Friday, May 3, 2013

Who Are You?

I used to sing along with The Who as a pre-teen.  I never really knew what the lyrics meant, except that they held a type of aggressive in your face brand of introspection, or supposed introspection, the kind that elders certainly must be incapable of, and that only folks under a certain age would find intoxicating, precisely because they could tap into it.  (There's another way to read this divide, as with all divides, and it is not that the brand of introspection pushed out of my speakers as a 12 year old was only accessible to those under a certain age, but that instead it was only listenable, that is, bearable, by those under a certain age, because at its core was something selfish and ugly and utterly hormonal, instead of any genuine question--i.e. a question that isn't afraid of an answer -this was, instead, perhaps, a question asked with a specific answer already in mind; a question asked only for the sake of the answer.  And the answer was a kind of fuck you.)  And anyway, the song is basically a bender of a song anyway!  Or it is a love song.  Or it is both.

Anyway, I think the brand of introspection there was still very romantic, or idealistic, in that it tried to perhaps strip the layers of normalcy and socialization, the pressures that we all feel are so static and staid and true and never change as we learn about them, and which are actually quite fluid perhaps.  And alcohol is a nice foil, i.e. it is convenient to feel that alcohol provides access to this truth, this core stuff, but the real truth is that we have to deal with all sorts of stuff that incentivizes our behavior every single day, whether enforcing it or punishing it, and that's what makes humans so fantastic and miserable.  And love is a similarly nice foil, to say that we love someone else and that person loves us makes our lives true and meaningful.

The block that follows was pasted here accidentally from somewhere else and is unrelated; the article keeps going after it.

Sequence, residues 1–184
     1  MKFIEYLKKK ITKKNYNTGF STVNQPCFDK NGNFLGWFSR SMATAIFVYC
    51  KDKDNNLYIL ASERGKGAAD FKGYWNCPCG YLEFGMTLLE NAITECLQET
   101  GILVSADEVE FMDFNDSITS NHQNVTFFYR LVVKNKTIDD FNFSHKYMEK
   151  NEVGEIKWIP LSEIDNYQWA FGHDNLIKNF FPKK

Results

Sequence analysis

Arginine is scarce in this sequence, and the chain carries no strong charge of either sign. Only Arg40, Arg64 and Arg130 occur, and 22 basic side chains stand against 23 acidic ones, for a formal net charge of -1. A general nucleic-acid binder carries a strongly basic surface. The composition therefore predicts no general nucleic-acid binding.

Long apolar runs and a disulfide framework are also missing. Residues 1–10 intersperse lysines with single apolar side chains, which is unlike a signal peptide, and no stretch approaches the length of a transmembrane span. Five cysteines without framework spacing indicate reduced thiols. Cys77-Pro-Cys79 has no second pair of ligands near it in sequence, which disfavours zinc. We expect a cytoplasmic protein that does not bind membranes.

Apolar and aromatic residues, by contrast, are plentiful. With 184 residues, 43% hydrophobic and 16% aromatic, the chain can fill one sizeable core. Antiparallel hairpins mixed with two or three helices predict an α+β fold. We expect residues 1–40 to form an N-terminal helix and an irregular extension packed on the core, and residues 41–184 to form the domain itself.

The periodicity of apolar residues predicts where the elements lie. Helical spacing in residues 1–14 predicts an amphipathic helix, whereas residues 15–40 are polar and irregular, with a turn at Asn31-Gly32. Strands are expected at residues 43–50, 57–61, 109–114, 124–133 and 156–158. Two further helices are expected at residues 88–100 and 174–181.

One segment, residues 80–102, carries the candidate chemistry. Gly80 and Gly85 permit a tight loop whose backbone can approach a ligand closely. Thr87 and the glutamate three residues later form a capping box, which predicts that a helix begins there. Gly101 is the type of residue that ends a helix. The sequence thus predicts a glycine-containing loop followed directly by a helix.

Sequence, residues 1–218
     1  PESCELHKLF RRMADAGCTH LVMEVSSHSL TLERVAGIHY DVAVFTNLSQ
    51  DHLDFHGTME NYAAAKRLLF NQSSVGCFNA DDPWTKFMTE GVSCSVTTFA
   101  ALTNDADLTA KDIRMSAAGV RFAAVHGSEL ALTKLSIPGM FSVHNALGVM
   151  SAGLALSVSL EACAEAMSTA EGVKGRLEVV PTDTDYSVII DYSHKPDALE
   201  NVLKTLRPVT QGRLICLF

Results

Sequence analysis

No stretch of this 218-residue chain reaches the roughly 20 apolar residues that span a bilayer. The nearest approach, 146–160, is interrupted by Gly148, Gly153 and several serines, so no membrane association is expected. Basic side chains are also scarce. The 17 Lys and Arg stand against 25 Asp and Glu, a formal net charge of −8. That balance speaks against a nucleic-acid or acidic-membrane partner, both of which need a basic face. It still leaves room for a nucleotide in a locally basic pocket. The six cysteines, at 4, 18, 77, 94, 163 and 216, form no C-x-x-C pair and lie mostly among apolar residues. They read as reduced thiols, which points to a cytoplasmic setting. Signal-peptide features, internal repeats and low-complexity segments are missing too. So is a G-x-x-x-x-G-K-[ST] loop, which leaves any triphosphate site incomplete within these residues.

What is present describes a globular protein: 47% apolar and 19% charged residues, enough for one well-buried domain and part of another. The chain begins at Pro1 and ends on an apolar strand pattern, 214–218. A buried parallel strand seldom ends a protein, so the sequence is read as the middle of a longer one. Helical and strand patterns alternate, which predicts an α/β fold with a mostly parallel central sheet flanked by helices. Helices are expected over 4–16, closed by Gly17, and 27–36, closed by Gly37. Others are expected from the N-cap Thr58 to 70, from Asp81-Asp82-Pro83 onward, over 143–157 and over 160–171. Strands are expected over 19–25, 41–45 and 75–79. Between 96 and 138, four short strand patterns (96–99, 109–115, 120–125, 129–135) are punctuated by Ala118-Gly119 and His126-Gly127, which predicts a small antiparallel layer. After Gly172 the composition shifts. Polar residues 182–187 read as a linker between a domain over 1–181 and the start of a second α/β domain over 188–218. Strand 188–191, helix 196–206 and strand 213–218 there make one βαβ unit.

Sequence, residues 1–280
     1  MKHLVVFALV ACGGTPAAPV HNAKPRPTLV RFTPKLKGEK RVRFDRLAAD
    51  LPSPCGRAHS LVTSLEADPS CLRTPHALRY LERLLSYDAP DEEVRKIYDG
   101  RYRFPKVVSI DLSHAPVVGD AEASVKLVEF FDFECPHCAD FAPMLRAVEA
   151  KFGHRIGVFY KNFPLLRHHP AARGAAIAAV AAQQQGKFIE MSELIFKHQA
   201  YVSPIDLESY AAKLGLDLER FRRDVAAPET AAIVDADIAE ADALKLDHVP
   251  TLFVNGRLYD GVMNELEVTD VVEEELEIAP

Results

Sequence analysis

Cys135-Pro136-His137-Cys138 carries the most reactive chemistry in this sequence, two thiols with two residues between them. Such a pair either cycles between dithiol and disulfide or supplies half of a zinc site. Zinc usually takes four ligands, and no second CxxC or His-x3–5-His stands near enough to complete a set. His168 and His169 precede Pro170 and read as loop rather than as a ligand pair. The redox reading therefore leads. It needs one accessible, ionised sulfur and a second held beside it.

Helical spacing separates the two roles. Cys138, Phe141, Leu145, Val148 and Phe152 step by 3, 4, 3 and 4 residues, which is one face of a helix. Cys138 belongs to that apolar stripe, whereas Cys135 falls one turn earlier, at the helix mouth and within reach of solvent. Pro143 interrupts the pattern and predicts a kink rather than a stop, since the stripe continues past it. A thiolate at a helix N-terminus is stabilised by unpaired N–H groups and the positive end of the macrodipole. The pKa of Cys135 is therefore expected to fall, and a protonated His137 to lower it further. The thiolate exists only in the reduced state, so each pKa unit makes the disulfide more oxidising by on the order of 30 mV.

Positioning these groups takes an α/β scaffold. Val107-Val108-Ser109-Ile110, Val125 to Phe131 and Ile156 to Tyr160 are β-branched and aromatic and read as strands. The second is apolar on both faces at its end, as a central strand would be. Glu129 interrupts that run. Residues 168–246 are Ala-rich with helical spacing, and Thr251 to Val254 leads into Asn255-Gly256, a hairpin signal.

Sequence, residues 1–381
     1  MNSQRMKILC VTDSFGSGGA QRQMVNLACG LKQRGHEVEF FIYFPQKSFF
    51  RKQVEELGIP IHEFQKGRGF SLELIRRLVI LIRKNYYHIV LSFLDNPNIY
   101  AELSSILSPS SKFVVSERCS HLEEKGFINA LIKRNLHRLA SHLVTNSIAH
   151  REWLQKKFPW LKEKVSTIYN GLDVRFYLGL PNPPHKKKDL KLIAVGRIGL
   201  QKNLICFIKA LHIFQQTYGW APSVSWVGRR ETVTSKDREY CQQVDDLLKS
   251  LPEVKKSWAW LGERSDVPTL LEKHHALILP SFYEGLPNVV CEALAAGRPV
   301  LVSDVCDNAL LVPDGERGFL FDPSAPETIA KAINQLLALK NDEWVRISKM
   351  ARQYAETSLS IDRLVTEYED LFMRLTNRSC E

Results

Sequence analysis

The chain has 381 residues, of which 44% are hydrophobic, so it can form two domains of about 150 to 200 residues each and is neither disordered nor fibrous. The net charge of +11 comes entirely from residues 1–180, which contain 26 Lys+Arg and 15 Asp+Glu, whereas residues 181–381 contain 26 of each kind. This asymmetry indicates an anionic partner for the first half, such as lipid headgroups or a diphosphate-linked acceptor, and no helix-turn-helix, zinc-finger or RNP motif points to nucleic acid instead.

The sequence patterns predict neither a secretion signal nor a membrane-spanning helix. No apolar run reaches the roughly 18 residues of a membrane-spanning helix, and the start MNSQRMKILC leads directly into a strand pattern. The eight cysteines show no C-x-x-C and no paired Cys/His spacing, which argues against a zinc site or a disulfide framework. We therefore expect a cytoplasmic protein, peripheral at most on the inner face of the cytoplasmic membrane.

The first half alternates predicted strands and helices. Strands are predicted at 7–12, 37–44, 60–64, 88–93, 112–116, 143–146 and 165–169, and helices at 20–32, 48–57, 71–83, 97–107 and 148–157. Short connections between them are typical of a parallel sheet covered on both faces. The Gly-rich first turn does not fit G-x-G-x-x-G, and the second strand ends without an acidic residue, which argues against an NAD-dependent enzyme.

But we still have to deal with a lot of little piddly shit that isn't related directly to the raw pure emotion of love or drunkeness or anything like that, which, collectively, is sort of what being an adult is all about, since those pure things are there, mostly, well, all the time, and yet cannot necessarily be talked about explicitly.

Which brings me to my larger point.  In any given situation, you kind of have to have an idea of what you prefer, who you are, and not necessarily be driven by other people's strategies/perspectives on your behavior.  Yes, to some extent, obviously, you must adjust based on other people's adjustments, sure, but if that flexibility could be quantified into a number, that number shouldn't really rise higher than some threshold only you can figure out (i.e. only us individually), and we have to do that, figure it out, that is, in order to live and be consistent with ourselves, and we have to also make sure to doubt our own motivations and our own need to tell stories that are flattering to our perspectives at the same time, etc.

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